"It's not vote or die, it really is the fact that you either exercise the right to vote or we perish as a community," Moore said.
Moore had a lot to say about the political empowerment of youth.
"Most kids his age don't," get involved in politics, Moore said. "If they are privy enough to understand the premise of the elections process period, to do something like this, then they have entered into an adult world, and by the time they're 18, they're running to the polls to exercise their right to vote."
"It's important to talk about them with our kids. Not just to use them as window dressing."
"They can come and be a page during the day [in the state legislature]. Take them down there and introduce them to the elected officials."
"I think it's admirable this young man has stepped into a realm that is outside his comfort zone," Moore said.
"It's all about teaching our youth early.... Mock voting in the home... Well you could've had chocolate instead of candy canes, well you didn't vote."
Another point of the rap, Moore said, was "to show some diversity, to show some culture."
"The Secretary of State does indulge in culture. She's licensing boxers and rappers and jazz and blues artists and she does doctors and dentists and they are performers as well," Moore said, adding "they perform a service for people."
"The response overall has been really great," Moore said.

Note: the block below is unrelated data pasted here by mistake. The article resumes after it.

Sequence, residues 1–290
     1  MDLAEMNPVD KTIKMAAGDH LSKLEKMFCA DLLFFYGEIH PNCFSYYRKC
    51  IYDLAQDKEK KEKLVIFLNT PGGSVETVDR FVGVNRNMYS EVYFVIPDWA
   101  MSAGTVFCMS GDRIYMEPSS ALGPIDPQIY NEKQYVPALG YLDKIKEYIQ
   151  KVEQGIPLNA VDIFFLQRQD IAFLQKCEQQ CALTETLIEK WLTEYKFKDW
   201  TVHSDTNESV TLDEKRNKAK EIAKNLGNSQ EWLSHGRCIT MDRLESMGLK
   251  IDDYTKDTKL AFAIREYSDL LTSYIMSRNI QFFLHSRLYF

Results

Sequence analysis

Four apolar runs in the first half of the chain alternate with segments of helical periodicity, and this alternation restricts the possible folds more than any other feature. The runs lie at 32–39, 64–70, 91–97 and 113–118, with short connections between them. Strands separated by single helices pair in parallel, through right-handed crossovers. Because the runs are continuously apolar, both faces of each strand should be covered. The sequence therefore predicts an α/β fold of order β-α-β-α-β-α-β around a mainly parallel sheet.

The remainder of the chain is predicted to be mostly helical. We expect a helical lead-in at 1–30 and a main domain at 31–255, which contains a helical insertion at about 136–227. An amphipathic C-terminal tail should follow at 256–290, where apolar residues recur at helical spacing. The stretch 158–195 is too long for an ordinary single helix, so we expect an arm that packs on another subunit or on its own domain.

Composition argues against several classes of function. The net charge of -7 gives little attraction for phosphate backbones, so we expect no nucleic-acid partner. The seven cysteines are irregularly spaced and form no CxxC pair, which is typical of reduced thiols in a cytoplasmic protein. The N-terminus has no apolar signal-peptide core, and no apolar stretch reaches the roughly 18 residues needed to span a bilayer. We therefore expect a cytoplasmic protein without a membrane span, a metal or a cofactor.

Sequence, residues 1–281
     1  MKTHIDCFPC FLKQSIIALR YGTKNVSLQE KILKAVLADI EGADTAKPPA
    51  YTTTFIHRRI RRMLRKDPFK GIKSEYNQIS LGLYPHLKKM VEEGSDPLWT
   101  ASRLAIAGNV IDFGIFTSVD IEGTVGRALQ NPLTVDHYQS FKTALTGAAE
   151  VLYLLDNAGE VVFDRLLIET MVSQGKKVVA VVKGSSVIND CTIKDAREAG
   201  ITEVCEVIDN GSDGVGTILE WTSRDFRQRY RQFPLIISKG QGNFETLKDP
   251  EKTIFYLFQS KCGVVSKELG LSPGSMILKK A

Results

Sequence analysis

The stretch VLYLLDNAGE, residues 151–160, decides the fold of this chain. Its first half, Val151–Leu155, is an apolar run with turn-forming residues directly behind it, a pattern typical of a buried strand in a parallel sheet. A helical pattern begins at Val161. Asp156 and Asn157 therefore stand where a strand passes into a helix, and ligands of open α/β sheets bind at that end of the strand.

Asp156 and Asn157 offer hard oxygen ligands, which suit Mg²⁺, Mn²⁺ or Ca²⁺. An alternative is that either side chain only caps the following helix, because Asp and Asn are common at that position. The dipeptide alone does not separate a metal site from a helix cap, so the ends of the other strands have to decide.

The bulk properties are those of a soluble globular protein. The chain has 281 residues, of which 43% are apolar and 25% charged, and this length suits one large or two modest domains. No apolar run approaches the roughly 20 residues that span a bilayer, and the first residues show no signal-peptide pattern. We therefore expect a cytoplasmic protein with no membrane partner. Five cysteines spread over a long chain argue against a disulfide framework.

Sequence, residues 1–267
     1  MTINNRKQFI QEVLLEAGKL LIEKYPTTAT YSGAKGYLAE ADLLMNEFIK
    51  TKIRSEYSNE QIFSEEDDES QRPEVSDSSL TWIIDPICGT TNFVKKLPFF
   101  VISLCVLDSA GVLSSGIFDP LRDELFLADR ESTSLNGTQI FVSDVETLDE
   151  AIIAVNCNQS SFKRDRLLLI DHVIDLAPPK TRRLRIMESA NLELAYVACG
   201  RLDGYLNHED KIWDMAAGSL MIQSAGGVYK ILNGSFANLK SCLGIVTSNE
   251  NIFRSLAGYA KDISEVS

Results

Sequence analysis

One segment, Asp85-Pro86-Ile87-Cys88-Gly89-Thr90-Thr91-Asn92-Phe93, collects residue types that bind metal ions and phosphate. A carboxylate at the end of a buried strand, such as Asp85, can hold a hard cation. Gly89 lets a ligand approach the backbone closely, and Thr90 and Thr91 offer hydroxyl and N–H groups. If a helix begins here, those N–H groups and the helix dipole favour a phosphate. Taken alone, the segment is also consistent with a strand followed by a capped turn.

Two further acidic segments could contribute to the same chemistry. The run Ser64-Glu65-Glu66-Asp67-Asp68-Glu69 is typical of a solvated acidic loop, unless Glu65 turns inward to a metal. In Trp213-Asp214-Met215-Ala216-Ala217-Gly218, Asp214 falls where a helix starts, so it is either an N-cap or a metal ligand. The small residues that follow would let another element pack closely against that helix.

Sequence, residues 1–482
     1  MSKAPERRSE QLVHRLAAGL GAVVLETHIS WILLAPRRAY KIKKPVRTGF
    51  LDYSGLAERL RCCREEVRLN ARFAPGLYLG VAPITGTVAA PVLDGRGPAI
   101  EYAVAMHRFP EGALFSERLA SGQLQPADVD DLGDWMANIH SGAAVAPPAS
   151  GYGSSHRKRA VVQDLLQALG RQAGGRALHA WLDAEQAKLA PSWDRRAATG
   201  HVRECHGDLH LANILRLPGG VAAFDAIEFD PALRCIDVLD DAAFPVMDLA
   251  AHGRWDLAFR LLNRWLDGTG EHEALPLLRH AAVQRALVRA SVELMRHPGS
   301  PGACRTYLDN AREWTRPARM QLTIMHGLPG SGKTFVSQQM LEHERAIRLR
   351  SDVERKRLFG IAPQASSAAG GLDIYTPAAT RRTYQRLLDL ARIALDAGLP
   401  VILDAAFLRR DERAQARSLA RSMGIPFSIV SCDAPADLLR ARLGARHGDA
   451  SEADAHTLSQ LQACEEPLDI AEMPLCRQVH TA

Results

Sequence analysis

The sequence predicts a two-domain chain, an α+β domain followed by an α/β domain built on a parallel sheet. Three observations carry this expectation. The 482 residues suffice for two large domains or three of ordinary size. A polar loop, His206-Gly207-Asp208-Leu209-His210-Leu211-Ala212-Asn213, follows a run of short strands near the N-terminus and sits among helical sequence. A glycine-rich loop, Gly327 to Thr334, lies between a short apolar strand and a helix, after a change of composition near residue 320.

However, she said, as mentioned earlier, that there have been some "naysayers."
One email read to Atlanta Progressive News over the phone called the rap a "disappointing, stereotypical, marketing ploy... [that] targets young African Americans in a stereotypical manner."
"I urge you to run on your experience. I will not vote or die for you," the email said.
"I stand by the young man who presented his [music] to me..." Moore said. "I have to show diversity at the office of the Secretary of State. And so, mainstream media wants to see someone that is boring and not have dimensions. The ones who accomplish the most are the ones who are a little out of the box."
A boring candidate "is what they're [the media are] used to. Someone that's bland, very conservative, someone that's a stuffed shirt. They're not used to someone who is passionate and excited. In order for you to love what you do, you have to love the people you're going to serve."